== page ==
Easynomics Rating Methodology: For this index, I will use the very latest reading and rate anything between zero and minus (-) 1.00 as “neutral” – anything above or below that will be rated “positive” or “negative” respectively.

continue reading…

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Economic Indicators Roundup – Abridged Version (March 27, 2014)

Economic indicators are everywhere, so this is kind of like a dashboard that I like to follow. For simplicity, I will assign each a rating of positive, neutral or negative. At the end, I assign an overall rating, but this is just to guide me in my takeaway of where things stand.  It’s not scientifically rigorous or anything.

  • Positive - indicative of a healthy, growing economy.
  • Neutral - indicative of a slow or no growth economy but not a contracting (recession) economy.
  • Negative - indicative of a shrinking economy or recession.

Quick Summary

Indicator (Click for details – only works if full article is open) Current Rating (change from previous roundup)
ADS Business Conditions Index Positive   (Upgrade)
Bloomberg Financial Conditions Index Positive
Daily Consumer Leading Indicators Negative
Citigroup Economic Surprise Index Neutral
Employment Trends Index Positive
Chicago Fed National Activity Index Neutral
Easynomics Real Estate Price Stability Index Positive
Easy Trends Dashboard   (min/max -3 to +3) +2.44 = Likely moving in a positive direction, with several unconfirmed trends or off-trend readings

NOTE: You may be reading an outdated analysis.  Please visit my latest economic indicators roundup.


Easy Trends Dashboard

Updated: March 27, 2014
Consensus Score: +2.44   (vs +2.39 one week ago)
Interpretation:  Likely moving in a positive direction, with several unconfirmed trends or off-trend readings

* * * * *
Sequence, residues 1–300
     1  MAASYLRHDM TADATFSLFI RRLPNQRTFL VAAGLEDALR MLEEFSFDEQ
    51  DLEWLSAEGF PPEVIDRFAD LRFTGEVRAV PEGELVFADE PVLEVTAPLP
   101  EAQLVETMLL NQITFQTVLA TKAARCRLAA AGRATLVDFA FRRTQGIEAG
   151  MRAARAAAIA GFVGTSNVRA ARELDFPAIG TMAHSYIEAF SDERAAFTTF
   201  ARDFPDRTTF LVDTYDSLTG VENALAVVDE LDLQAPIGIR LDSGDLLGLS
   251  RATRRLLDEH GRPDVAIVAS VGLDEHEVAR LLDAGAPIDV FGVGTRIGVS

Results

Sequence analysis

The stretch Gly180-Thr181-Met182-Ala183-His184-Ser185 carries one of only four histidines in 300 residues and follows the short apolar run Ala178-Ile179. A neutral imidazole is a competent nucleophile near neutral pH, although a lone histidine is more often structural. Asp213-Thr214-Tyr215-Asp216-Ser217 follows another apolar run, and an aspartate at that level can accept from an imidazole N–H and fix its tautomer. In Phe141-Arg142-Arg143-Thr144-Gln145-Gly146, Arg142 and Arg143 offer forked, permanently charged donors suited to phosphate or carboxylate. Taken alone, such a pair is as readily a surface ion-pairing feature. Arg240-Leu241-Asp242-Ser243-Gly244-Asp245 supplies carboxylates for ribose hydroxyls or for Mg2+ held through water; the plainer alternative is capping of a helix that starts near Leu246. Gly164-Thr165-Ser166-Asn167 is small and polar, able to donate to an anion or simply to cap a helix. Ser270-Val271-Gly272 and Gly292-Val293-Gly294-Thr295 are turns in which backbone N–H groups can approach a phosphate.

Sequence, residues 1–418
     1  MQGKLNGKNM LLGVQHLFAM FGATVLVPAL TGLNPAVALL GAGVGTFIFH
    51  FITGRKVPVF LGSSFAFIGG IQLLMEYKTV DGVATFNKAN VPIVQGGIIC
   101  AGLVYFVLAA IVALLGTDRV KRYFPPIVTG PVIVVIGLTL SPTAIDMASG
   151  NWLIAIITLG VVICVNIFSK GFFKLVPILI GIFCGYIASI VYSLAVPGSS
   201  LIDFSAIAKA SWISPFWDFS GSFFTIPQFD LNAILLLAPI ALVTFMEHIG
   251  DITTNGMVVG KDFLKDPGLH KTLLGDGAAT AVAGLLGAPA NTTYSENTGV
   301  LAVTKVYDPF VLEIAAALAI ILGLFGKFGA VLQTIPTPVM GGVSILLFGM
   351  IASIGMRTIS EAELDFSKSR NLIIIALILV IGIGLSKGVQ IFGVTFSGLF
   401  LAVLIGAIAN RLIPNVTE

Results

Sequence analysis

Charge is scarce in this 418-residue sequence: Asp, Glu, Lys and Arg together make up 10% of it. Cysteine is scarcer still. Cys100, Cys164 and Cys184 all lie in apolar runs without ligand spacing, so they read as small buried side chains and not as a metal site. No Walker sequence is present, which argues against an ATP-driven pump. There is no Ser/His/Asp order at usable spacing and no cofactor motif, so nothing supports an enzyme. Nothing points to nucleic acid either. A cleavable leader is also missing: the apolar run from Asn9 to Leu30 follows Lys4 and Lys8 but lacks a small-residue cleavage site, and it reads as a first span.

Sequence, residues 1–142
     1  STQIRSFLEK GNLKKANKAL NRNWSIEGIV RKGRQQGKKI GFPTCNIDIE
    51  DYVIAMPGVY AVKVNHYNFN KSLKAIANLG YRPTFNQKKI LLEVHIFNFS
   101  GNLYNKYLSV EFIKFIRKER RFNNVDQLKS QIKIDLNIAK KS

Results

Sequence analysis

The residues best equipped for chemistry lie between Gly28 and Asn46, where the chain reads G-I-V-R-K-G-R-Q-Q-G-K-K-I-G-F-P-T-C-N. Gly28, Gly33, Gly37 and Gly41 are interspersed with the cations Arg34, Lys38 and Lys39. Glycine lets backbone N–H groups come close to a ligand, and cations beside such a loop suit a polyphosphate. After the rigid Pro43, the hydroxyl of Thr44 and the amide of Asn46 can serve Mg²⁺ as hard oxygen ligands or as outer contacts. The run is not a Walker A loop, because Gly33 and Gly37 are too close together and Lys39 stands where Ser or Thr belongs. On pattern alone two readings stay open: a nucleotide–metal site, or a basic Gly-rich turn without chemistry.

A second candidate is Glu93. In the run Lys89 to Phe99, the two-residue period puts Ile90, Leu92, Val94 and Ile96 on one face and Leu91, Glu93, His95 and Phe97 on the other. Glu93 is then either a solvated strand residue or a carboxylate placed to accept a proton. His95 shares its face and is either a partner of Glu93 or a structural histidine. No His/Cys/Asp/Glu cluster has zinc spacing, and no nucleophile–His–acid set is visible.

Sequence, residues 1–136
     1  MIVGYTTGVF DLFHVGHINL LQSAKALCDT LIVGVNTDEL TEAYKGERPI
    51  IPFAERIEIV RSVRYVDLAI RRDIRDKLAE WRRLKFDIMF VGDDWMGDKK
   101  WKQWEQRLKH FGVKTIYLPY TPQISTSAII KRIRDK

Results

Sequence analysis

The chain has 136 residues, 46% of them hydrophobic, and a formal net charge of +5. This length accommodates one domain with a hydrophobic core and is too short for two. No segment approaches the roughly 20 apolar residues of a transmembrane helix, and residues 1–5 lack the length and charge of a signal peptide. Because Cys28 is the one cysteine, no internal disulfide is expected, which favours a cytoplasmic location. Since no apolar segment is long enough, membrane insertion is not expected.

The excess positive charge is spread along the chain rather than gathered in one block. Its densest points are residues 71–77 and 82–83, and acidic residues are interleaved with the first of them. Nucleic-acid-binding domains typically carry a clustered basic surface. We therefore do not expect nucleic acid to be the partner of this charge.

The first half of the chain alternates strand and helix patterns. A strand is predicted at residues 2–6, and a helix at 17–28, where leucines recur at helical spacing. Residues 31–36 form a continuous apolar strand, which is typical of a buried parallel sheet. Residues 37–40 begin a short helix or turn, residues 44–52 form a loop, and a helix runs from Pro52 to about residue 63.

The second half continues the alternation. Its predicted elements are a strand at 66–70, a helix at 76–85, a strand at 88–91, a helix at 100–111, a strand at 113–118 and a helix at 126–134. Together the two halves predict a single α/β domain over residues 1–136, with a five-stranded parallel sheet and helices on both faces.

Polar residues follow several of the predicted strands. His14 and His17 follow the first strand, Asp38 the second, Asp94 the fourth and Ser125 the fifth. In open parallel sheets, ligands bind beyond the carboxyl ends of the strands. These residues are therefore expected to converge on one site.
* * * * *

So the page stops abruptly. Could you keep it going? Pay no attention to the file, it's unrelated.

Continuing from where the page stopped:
Indicator Trend Score* (change from last roundup)
Employment Report +3
Existing Homes Sales and Inventory Months of Supply +3
Factory Orders +1
GDP +3
Industrial Production +3
New Residential Homes Sales and Inventory Months of Supply +2   (up by 0.5)
Personal Income Levels +1
Residential Investment +3
Unemployment Claims +3

*Trend Score Definitions:

  • Confirmed trend with no recent readings that are off trend: +3 (good direction) or -3 (bad direction)
    • For each consecutive recent reading that was off trend in the opposite direction, I move the score by one point in the direction of zero
  • Unconfirmed trend: +1 (good direction) or -1 (bad direction)
  • No trend that has at least 50 percent confidence: 0

Easy Take

The ADS Business Conditions Index was upgraded to “positive” this week. The overall consensus thus gets upgraded to “positive” again.

The Easy Trends Dashboard is still in good shape, barely better than last week after a new home sales report that established an unconfirmed trend in the right direction. Every component of the Easy Trends Dashboard is positive.  The overall average for the trends dashboard suggests that indicators I follow are likely headed in the right direction.

We currently have 4 positive, 2 neutral and 1 negative economic indicators.  Using a scale of positive=3, neutral=2 and negative=1, this yields an average rating of 2.43 out of 3.00 (versus 2.29 one week ago), which falls in the upper third of the possible range.  In other words, my set of economic indicators combine into a “positive” rating.  The consensus view of the above indicators is that economic conditions are consistent with positive growth at or above the historical average rate.  Trends suggest that indicators are likely headed in a good direction.

Disclaimer: My dashboard isn’t really a group of similar indicators, so we can’t say that it represents any one particular thing.  For example, it’s not geared strictly toward predicting the future of the economy like a leading indicators dashboard.  It’s not like a coincident indicator dashboard that focuses on how things are right this second.  It’s just a bunch of things I like to follow, interpreted in a way to be consistent with either economic growth or shrinkage.  I would just guess that if the indicators I most like to follow start trending one way or the other, there is a good chance the economy is going that way, too.